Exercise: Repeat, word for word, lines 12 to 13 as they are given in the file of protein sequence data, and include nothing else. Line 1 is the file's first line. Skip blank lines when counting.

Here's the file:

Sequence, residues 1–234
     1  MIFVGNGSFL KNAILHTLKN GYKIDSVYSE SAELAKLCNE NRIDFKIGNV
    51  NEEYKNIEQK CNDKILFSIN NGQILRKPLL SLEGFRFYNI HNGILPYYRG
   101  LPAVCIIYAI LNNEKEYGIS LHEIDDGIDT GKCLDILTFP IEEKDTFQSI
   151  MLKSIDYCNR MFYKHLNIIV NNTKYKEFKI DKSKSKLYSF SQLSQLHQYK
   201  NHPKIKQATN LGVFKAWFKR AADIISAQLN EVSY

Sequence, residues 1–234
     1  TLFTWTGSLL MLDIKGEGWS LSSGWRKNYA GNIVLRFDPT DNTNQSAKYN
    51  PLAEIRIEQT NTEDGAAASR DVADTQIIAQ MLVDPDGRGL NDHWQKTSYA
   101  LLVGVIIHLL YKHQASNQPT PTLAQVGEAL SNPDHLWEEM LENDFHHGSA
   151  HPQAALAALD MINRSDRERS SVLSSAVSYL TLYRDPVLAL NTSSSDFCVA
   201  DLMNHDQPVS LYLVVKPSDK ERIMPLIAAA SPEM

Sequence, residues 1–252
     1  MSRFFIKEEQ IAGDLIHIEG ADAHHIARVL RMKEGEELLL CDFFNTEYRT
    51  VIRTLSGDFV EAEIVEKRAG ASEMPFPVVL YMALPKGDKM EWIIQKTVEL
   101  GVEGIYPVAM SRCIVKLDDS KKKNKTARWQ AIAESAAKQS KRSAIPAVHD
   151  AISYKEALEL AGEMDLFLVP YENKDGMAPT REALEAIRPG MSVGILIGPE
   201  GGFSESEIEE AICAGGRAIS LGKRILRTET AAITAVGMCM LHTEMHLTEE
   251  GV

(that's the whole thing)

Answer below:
   201  DLMNHDQPVS LYLVVKPSDK ERIMPLIAAA SPEM

Sequence, residues 1–252